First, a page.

ACO Rule Draws Tough Questions, Highlights System’s Shortcomings
CQ HealthBeat reports that federal officials are considering the public criticism and comments they are receiving in response to the proposed rule issued regarding the health law's accountable care organizations. One expert, for instance, tells Politico Pro that data collection challenges could impede the formation of ACOs.
CQ HealthBeat: Medicare Officials Acknowledge Criticism of ACO Proposal
Top Medicare official Jon Blum said Monday that federal officials are taking seriously the many tough questions raised by the public about the proposed rule for accountable care organizations released March 31. "Some of the reaction is, 'You guys made this so hard we can't participate,'" Blum said at a meeting sponsored by the College of American Pathologists. Some stakeholders have told federal officials that the proposal "isn't a good deal," he said (Adams, 5/2).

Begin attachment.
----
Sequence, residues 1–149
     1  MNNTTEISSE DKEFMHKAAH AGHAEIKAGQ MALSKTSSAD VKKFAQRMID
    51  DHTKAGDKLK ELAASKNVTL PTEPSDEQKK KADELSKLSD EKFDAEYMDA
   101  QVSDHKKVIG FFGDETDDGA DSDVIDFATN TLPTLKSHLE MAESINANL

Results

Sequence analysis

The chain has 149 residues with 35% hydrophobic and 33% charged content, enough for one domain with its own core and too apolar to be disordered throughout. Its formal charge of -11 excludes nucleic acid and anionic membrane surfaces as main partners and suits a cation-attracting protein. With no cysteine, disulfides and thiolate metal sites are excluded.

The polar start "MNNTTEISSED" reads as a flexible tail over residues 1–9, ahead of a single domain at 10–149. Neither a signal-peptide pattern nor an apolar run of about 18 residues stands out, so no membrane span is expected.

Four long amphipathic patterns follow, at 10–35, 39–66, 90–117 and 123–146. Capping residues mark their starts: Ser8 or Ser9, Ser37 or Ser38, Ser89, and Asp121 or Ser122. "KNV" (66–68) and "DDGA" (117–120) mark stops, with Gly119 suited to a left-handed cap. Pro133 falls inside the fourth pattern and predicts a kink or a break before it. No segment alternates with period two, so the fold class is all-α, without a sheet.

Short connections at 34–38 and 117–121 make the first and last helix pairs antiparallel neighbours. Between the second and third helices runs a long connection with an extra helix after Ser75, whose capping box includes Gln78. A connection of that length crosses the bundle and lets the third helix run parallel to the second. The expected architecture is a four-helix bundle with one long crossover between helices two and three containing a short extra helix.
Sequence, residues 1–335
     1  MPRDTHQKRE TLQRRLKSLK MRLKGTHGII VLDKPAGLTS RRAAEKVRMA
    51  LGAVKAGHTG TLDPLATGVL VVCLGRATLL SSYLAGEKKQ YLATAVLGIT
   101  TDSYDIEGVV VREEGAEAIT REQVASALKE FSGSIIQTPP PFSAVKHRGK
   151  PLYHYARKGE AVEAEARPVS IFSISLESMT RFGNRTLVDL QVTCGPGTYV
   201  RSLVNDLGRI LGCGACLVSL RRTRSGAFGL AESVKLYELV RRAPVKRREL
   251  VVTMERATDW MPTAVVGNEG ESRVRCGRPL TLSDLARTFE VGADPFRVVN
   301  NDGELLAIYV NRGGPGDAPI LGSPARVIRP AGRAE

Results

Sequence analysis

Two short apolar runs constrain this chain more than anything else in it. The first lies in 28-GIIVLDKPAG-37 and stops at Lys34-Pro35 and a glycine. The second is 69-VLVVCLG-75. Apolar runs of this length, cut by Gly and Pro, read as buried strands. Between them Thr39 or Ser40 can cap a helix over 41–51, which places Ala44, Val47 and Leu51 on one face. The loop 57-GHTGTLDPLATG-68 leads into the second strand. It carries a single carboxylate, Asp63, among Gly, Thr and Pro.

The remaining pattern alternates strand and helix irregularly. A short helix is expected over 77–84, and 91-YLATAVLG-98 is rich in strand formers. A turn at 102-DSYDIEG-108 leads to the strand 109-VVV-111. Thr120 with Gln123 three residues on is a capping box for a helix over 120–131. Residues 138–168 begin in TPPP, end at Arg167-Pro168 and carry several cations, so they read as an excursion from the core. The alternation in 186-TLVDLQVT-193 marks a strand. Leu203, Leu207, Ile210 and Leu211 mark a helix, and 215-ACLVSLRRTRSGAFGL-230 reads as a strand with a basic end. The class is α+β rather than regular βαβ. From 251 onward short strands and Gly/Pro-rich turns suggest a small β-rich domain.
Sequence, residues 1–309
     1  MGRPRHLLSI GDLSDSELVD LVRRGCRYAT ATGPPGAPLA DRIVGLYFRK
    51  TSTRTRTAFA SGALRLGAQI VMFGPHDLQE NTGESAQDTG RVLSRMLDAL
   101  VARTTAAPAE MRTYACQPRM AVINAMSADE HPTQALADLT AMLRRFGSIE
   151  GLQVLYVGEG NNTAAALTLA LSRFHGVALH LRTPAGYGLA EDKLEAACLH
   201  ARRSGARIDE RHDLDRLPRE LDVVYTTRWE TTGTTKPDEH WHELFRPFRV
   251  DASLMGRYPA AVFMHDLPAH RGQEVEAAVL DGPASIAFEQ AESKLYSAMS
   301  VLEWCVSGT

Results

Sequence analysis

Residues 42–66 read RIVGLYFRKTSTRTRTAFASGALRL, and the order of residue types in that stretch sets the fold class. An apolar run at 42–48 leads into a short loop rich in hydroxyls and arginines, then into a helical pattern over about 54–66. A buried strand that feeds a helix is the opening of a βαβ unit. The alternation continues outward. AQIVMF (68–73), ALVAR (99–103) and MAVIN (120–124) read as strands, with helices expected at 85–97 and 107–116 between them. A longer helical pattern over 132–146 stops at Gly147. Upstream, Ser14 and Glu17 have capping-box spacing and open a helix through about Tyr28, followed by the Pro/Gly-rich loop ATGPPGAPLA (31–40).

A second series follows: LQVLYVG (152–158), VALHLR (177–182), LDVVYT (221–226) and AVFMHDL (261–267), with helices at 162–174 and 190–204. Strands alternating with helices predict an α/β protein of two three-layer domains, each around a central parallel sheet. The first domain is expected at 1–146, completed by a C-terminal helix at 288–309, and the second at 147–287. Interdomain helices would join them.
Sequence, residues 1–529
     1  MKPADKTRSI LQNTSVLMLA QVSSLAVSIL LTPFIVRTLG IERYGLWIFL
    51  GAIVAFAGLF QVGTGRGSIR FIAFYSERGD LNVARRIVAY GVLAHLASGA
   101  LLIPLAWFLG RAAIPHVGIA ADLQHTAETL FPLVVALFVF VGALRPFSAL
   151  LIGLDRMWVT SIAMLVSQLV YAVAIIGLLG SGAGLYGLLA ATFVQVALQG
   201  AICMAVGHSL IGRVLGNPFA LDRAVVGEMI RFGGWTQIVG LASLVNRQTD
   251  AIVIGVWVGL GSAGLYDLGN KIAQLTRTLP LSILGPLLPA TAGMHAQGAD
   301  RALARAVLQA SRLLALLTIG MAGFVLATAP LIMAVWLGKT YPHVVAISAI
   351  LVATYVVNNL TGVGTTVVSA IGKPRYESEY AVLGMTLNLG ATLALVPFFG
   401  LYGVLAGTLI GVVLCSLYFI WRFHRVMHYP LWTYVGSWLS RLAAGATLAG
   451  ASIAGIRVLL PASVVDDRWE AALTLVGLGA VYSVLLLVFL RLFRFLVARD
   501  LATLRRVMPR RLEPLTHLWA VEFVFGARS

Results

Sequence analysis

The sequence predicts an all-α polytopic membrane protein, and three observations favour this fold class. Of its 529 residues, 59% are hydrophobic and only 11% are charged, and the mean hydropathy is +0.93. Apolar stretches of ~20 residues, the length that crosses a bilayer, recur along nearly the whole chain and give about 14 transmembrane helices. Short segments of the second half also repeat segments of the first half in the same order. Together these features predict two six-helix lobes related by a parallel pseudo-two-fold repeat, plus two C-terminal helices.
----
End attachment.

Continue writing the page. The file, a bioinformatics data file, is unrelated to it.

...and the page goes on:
Politico Pro: Expert: ACOs Challenged By Lack Of Data
Health care may be cutting edge when it comes to scientific innovation, but it is very backward when it comes to best practices in business, a quality expert charged Monday. Margaret O'Kane, head of the National Committee for Quality Assurance, an accrediting and evaluation body, said that problems with data collection and information technology in the health industry could impede the formation of accountable care organizations (Feder, 5/3).
Modern Healthcare: Patients May Present ACO Concerns Of Their Own Officials Say
Some of the biggest concerns arising from proposed accountable care organization rules may end up coming from patients and not health care providers, according to a senior CMS official. Health care providers have outlined a series of concerns to the CMS since the agency proposed ACO rules on March 31 to create coordinated care groups that aim to slow the growth in health care spending while making member-clinicians eligible to receive a share of the resulting savings (Daly, 5/2).